1. The box, and commercials as well, make you think that you need a brush-full. You use more that way, which in turn means you buy more. And that’s that whole point of advertising.

        2. My dentist once told me that the more complex and expensive the toothpaste the more likely it is to do damage.  He said buy cheap toothpaste and just do a better job brushing and flossing.  I think I had my last cavity around 20 years ago.

    2. Just to mention that salt crystals come in different sizes: table salt is ground down, whereas kosher salt grains are bigger.  Not as big as the chunks one puts in a salt grinder, but big enough that they don’t immediately dissolve in a small amount of water.

      Not that I’m recommending salt and baking soda for teeth, for the reasons others have stated.

      1. Cheap, bulk salt has worked pretty well for me as an on-the-fly abrasive in the kitchen – for example, when I’m hand-washing dishes. Toss some on the dry-ish or not-too-wet dish or pan, then scrub it, works well enough that I have used this for years and continue to. 

        Coarse salt tends to be better for more challenging crud, but really, table salt consistency works just fine. The salt especially works as an augment to your standard brillo pad, stiff kitchen brush or coarsely textured sponge, you know, spongy on one side, course on the other.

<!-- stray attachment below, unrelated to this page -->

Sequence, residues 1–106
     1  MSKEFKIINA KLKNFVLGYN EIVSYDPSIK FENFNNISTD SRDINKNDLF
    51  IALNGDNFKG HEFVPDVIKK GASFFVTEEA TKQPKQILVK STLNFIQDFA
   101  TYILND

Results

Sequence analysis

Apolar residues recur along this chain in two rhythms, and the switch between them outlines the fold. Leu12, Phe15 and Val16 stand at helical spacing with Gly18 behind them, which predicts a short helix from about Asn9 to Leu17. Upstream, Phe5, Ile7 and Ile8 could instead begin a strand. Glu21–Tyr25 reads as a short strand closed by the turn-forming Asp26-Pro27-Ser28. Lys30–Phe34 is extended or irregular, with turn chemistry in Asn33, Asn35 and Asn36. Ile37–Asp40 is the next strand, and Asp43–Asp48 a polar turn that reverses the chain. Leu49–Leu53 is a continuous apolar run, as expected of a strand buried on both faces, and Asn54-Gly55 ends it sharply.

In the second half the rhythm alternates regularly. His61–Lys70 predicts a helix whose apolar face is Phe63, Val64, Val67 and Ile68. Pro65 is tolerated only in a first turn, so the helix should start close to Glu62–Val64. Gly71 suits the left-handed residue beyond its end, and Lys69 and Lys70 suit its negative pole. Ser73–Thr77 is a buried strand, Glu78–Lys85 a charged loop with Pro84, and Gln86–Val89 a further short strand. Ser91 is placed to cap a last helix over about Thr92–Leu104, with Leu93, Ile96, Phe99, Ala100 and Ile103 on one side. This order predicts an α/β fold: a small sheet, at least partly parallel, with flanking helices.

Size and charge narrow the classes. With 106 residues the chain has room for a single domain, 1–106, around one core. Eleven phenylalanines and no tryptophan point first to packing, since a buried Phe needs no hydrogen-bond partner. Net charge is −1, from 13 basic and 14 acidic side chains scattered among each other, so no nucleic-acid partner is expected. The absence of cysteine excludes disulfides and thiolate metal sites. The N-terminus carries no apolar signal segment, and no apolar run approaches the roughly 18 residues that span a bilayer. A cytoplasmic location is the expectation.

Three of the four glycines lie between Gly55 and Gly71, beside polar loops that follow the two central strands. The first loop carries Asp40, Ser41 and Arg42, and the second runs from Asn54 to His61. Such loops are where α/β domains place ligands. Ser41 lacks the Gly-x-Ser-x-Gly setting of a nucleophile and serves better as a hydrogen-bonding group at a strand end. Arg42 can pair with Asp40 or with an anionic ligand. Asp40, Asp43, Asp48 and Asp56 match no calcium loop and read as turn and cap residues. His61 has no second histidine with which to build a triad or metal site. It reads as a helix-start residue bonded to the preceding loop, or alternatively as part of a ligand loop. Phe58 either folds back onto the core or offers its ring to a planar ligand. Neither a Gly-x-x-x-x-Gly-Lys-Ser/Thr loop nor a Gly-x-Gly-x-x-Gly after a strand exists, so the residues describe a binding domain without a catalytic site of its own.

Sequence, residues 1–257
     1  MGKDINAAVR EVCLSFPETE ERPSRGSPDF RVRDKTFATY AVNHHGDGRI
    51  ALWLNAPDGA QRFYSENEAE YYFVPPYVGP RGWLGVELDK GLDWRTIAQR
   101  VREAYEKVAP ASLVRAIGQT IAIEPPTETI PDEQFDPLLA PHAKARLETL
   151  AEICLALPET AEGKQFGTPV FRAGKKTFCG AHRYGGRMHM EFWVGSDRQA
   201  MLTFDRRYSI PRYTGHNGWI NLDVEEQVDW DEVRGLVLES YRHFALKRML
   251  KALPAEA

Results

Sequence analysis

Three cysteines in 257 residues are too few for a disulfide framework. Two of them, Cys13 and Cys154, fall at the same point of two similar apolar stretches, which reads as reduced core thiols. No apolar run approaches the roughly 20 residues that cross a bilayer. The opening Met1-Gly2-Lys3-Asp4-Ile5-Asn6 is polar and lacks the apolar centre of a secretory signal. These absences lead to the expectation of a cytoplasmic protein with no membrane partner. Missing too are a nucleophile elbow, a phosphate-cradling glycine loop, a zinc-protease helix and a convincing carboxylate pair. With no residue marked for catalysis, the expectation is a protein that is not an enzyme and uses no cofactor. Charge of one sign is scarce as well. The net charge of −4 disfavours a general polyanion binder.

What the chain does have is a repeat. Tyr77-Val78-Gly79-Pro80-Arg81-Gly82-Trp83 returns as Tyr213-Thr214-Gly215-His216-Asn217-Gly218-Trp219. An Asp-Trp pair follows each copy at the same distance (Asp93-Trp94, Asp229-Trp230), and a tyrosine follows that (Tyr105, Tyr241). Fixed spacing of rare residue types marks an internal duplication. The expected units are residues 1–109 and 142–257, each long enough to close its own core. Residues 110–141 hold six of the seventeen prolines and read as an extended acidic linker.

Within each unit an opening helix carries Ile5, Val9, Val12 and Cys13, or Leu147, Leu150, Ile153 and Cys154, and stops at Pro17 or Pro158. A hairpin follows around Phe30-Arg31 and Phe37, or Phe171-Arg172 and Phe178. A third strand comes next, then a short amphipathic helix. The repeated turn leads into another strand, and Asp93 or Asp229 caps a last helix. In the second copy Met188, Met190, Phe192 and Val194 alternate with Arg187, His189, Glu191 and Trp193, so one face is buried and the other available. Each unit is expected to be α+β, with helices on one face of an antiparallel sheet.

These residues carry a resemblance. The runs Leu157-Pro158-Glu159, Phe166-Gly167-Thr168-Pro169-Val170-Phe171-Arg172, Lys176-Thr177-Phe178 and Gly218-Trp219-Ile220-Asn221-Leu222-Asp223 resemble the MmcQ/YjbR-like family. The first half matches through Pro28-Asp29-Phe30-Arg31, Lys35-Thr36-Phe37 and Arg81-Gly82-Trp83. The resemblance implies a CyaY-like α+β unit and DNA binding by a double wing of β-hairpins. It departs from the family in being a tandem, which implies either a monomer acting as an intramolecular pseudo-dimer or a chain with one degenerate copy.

Salt (or potassium chloride aka NoSalt) is good to soothe a sore throat (Suracha chilli paste is much better), but I’m with you Ser chgoliz  about the unsuitability of salt or baking soda for the teeth. 

  3. My favorite tip: If you’ve had a pot or pan that burned with a heavy baked on carbon that won’t submit to soaking, scrubbing, heating, ect.  Hydrogen Peroxide.

    Put enough in to cover the lumpy bits add a tsp of baking soda. Heat. On low until you see a reaction, It’ll stink, so open windows turn on vents, it’s harmless stink tho.

    This only works on big lumpy carbon based bits that have bonded to the metal of a non-reactive, non-teflon pan. (Especially sugar or caramelized crusty stuff)